- 915 E. 27th St. [HAR]
After decades of conformity, the house at 415 Aurora St. recently set itself apart from the other old bungalows on the block between Arlington and Columbia streets. So long to the pale green paintjob that left it camouflaged in with the lawn and the landscaping; the house wears all black now. And in the spots where typical siding once finished off the roof gables, big glass openings have taken over.
The view they afford, from the loft at the top of the spiral staircase:
A pile of building parts is now all that stands in the way of the 4,500-sq.-ft. strip that Houston developer Ancorian wants to place at Yale and E. 27th, opposite the other shopping center it’s now ushering tenants into across the street. In place of the standalone Church’s Fried Chicken drive-thru — pictured above before and after its demo last week — a rendering now shows 3 newcomers lined up next to each other at 2702 Yale.
One of them carries on the site’s fast-food legacy with more of a niche focus:
COMMENT OF THE DAY: AMID DEMOLITION, SOME SOJOURN HEIGHTS CHURCH PARTS FIND SALVATION “. . . We couldn’t find a taker for the limestone. I’m not a mason, so I’m not sure what turned so many off from it when they came to look at it. I know one flaw is that it was quarried with inconsistent thicknesses throughout, which made it not an ideal candidate for paving stones and challenging in vertical applications. We would rather it have been reused, just couldn’t make it happen. We were, however, able to salvage most of the steel windows that were in good shape from the building to be repurposed. Hopefully that brings you some good cheer. They’re beautiful windows.” [Scott, commenting on Churchyard Excavator Now Breaking Down Walls Between Sojourn Heights’ Current Home on Aurora and Its Soon-To-Be Sanctuary] Photo of windows salvaged from demolished building on Sojourn Heights campus, 608 Aurora St.: Joe Meppelink
Crews are now digging a hole through the middle of the Sojourn Heights church campus off Gostick St., south of Aurora in Sunset Heights. The rendering above looks west across Gostick to show the fenced-off lawn that will eventually grow in place of the demolished building. The new green space is bookended by renovated street-fronting structures and backed by a smaller addition that’s planned on the far west side of the just-over-an-acre church property.
Before the takedown got started yesterday, the complex consisted of 3 buildings that lined Gostick:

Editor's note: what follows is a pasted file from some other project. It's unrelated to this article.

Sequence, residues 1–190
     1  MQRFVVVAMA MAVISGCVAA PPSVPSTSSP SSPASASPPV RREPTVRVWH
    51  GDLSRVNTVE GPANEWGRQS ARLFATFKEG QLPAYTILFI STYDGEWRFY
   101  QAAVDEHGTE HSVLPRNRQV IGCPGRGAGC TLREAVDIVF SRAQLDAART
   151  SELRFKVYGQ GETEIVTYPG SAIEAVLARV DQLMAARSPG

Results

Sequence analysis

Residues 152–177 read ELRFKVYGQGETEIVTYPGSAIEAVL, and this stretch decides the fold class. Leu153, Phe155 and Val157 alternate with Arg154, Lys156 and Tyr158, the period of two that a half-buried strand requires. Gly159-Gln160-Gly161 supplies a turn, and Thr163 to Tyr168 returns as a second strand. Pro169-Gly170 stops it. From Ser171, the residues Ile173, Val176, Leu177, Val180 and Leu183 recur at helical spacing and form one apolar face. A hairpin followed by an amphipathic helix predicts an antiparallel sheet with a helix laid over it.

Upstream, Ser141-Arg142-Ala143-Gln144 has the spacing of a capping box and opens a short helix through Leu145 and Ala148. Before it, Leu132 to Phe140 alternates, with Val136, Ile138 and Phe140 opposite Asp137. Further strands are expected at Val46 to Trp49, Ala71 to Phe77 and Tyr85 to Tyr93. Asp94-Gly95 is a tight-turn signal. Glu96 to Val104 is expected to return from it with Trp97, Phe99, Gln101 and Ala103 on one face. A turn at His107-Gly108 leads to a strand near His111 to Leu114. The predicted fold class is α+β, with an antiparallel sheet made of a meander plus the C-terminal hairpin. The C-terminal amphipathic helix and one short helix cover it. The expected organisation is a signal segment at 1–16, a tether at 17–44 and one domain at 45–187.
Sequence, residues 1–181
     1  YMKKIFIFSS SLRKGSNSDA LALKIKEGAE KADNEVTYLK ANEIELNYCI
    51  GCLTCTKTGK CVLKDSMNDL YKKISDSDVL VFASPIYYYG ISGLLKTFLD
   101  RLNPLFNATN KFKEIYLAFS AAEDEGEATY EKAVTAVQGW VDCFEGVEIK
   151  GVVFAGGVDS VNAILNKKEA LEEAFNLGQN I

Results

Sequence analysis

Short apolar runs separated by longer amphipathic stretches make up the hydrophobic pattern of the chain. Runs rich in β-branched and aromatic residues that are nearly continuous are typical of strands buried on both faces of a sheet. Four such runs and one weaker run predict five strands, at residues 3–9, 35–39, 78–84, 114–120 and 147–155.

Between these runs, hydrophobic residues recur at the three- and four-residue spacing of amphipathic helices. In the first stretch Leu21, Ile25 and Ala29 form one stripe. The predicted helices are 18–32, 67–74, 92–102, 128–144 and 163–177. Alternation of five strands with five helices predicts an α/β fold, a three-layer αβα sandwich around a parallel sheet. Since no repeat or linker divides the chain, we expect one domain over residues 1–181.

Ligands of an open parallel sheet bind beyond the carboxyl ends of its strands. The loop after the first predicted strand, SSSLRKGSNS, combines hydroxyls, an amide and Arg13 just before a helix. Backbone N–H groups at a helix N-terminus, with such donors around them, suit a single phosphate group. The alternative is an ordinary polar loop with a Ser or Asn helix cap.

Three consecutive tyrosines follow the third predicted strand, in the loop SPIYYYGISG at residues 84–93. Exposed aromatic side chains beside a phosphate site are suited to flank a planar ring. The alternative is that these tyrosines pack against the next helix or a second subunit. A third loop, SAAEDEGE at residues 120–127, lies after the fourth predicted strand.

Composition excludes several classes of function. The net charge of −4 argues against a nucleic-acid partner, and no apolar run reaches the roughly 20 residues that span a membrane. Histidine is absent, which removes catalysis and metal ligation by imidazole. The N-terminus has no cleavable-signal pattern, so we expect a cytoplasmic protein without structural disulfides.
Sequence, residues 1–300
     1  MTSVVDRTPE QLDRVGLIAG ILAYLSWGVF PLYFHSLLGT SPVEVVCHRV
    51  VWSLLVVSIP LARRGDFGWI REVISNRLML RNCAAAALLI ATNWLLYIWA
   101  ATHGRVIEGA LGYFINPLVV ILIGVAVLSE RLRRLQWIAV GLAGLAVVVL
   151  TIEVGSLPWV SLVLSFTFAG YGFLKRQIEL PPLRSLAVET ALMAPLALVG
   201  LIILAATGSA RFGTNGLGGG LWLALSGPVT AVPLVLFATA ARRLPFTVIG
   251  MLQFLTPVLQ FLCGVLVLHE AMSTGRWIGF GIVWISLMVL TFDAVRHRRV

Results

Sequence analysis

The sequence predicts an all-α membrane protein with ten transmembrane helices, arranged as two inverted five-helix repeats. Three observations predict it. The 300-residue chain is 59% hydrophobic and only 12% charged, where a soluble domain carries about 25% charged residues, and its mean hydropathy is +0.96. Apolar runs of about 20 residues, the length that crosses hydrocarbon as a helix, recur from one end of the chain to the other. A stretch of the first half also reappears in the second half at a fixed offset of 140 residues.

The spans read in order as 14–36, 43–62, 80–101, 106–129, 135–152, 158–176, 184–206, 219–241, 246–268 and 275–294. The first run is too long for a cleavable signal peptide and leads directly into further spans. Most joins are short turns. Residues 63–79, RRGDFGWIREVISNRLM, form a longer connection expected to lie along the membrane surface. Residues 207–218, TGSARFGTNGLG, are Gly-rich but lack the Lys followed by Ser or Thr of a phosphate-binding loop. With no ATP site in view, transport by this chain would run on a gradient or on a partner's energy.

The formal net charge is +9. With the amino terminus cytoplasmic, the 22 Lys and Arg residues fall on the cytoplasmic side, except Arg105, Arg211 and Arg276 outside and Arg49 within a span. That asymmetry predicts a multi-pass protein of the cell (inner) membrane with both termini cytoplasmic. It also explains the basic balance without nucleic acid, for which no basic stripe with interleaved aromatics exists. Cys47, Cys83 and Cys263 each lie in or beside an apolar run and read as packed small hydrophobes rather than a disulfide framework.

14 PEWS’ SURPRISE NON-ENDING On her way into a new job as executive director of a larger church-turned-arts center in Portland, Cressandra Thibodeaux appears to have had a change of heart. Which means 14 Pews — the microcinema and performing arts venue that picked up where the Aurora Picture Show left off 8 years ago — will not be closing any time soon. The original movie house at 800 Aurora St. took over the building from the Sunset Height Church of Christ in 1997 and hosted screenings, plays, workshops, and art exhibitions there (as well as a few weddings and memorial services) before turning it over to Thibodeaux in 2010. Since then, programming has continued along those same lines — even as audiences anticipated the venue hitting the market in mid-Februrary. With that plan scrapped, Thidobeaux writes: “We are now teaming up with community leaders to curate several film series, as well as talking with other organizations about bringing unique festivals to Houston.” [14 Pews; previously on Swamplot] Photo: Ed Schipul [license; modified from the original]
Braun Realty is gearing up to replace Johnny’s Gold Brick’s next door neighbor and redo the warehouse behind the 2 structures as part of a new retail development it has planned for the corner of Yale and Aurora. An entity connected to the developer snatched up the property on Yale — as well as a few adjacent parcels east on Aurora — last October. The site plan above taken from Braun’s leasing flyer for the complex now indicates all 3 buildings decked out with new adjacent patios. East of the buildings, a parking lot sports entrances on both Aurora and an alley that runs north of the site.
The photo at top shows the front door to Johnny’s Gold Brick next to the brown brick building that Lucas Craftsmanship contractors moved out of in 2015. Here’s the view from the corner of Yale and Aurora showing the 2-story structure that’s slated to replace the former construction office: